EducationandSkills Most respondents (54%) are educated at bachelor's level. However, less than 10% ofAfricans go to university after secondary school. Increased focus is needed to equip young Africans at all levels of education with the necessary skills for future job markets.

Primary school


Secondary school








Fig. Breakdown of 1,000 respondents by education


BusinessDevelopment Stages When askedwhat stage of development their businesseswere at, themajority (29%) state that they are at Commercialization Stage, followed by Idea Generation and Mobilization, and Diffusion and Implementation. This provides for an interesting variety of perspectives, with some entrepreneurs finding themselves effectively ready to launch when COVID-19 hit, presenting them with very specific challenges.

Idea Generation and Mobilization


Advocacy and Screening





Diffusion and Implementation



Fig. Breakdown of 1,000 respondents by development stage

Of the 1,000 respondents to our survey, 46% had already established their businesses – a high proportion considering that only 29% (see above) are at Commercialization Stage. This means that 170 of the entrepreneurs who responded had already established their businesses before even being able to trade.





Fig. Percentage of establishedbusinesses


Global SME Dominance

SMEs represent the job creators, taxpayers, innovators, and value chain drivers of the world’s economies. They are approximately 90% 1 of all the world’s businesses. They create over half of all jobs and in the United States, 99.9% of all businesses are SMEs – 30.2 million small businesses that employ 58.9 million people. 2 In the emerging economies SMEs contribute up to 40% of national GDP. That figure rises considerably when informal SMEs are included. On a global level, SMEs create seven out of every ten jobs – yet in all markets access to finance is a constraint to growth. The SME funding gap in the developing world is in the region of $5.2 trillion 3 – 1.4 times the current level of global MSME lending and in the emerging markets we need nearly 3.3 million new jobs every month by 2030 to absorb the growing workforce. With such a clear linear relationship between SME success, job creation and economic growth, it is astonishing that such a vast SME funding gap exists within the global economy. In the context of COVID-19, the stakes have never been higher. SMEs are fundamentally critical to the sustenance of the world economy. They are the single most important enabler of innovation in industries such as medicines, digital technologies, agriculture and financial services, amongst others. Not since the first industrial revolution has there ever been such an urgent need to nurture home grown innovation for the development of a thriving SME sector. InAfrica, SMEs operate in a two-tiered economy, a formal one and an informal one. Like the global economy, SMEs are important drivers of growth in countries across sub-SaharanAfrica, accounting for up to 90% of all businesses in these markets. These factors lay bare a stark reality alongside important opportunties. Through collaboration between stakeholders from across the innovation ecosystem, and good policy from national governments, there is a significant opportunity to dramatically increase economic activity. Bynurturing the scalabilityof businesseswithin the informal sector, stakeholders can achieve inclusive economic growth, where hundreds of millions of informal workers and millions of informal SMEs reap the rewards of operating within the formal economy.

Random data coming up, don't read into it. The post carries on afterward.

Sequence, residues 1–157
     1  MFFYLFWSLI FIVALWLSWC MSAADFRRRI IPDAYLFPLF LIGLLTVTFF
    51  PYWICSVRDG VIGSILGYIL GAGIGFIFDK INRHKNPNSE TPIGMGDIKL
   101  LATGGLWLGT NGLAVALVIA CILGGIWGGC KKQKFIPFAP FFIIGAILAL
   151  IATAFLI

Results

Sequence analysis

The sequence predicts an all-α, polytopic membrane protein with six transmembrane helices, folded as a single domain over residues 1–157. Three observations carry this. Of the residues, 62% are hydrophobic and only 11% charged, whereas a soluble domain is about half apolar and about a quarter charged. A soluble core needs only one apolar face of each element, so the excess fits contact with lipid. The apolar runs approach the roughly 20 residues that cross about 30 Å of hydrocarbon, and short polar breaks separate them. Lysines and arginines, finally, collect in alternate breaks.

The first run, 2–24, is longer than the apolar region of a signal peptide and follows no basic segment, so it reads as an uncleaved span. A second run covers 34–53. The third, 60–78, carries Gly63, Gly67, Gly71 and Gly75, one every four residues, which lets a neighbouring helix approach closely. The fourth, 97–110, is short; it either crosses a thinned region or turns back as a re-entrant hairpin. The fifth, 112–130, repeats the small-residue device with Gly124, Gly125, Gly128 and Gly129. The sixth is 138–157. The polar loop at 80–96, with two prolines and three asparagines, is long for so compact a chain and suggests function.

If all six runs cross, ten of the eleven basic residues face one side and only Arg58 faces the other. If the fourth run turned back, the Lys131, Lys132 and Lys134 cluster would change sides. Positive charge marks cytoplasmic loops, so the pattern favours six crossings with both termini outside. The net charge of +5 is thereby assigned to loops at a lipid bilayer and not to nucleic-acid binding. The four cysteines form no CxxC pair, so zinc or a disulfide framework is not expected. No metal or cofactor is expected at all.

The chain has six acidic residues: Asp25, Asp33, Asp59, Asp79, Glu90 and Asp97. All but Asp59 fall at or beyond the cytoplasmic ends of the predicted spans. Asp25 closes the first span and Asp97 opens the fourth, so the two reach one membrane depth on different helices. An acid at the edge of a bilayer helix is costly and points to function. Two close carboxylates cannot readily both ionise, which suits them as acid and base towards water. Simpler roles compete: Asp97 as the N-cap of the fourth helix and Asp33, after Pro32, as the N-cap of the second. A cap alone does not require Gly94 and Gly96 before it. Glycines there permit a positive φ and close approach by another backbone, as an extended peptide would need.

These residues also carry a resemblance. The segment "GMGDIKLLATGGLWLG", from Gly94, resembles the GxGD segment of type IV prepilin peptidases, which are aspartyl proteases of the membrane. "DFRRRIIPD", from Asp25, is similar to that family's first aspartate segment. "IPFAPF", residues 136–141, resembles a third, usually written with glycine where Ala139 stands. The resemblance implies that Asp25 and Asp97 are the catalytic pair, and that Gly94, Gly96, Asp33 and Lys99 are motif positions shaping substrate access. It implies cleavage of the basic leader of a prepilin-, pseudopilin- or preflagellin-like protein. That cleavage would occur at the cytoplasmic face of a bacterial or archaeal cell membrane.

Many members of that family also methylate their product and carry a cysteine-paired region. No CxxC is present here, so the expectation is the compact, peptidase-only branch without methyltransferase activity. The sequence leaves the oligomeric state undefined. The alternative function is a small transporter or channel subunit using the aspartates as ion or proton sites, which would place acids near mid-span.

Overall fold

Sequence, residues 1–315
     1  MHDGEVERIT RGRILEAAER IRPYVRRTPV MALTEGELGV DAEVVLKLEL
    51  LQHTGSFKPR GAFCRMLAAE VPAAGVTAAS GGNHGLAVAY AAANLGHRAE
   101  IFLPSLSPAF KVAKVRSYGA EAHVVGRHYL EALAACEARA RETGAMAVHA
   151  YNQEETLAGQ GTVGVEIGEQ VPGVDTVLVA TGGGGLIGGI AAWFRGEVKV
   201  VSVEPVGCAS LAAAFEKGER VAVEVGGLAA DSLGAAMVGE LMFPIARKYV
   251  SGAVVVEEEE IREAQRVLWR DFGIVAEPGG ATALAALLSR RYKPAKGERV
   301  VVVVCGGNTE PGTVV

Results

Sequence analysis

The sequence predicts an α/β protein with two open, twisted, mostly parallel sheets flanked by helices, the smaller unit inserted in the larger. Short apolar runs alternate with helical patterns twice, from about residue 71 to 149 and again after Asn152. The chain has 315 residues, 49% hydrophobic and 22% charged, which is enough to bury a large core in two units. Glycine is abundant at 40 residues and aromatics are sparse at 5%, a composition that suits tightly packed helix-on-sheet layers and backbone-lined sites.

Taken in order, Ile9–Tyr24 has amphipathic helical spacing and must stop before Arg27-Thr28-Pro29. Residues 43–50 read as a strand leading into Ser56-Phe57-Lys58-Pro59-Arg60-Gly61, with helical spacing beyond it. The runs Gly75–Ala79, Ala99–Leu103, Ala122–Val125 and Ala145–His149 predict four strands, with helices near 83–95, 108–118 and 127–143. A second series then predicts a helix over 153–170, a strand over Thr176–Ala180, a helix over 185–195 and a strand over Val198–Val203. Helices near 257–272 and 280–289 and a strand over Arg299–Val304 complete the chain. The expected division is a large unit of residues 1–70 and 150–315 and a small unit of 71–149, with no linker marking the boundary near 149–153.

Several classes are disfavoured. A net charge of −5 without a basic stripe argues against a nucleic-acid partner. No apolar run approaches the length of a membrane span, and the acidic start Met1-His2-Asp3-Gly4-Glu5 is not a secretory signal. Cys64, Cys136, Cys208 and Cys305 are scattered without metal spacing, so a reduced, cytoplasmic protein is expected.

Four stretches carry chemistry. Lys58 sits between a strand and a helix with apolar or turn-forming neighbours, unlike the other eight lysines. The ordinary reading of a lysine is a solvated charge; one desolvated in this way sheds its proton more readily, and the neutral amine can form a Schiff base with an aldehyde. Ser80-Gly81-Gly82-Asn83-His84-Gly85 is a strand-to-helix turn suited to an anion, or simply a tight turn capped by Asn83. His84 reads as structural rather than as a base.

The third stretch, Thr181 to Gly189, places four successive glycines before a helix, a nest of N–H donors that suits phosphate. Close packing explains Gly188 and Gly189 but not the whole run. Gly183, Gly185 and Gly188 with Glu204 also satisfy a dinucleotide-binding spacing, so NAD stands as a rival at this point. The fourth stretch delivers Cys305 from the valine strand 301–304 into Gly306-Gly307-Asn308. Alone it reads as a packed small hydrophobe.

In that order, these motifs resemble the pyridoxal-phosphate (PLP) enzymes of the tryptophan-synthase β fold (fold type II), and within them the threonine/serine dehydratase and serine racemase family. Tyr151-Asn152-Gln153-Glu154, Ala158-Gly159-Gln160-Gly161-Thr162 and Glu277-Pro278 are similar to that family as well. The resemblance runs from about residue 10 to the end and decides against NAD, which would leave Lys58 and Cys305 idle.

¹ WorldBank, Understanding Poverty, SME Finance: ² US Small Business AdministrationOffice of Advocacy, 2018Small Business Profile ³International FinanceCorporation, MSME FinanceGap: Assessment of the Shortfalls andOpportunities in Financing Micro, Small andMediumEnterprises in


Scaling Homegrown Innovations Beyond Borders

International expansion remains comparatively elusive to many of the respondents to this survey, with only 22% having accessed markets outside of their home countries. Of this number, 74% say they are currently exploring the possibility of entering other markets. The hurdles to cross-border growth are, however, significant according to our panel of experts. These include tariffs, weak travel connections, language barriers and bureaucratic hurdles when opening business bank accounts in foreign countries.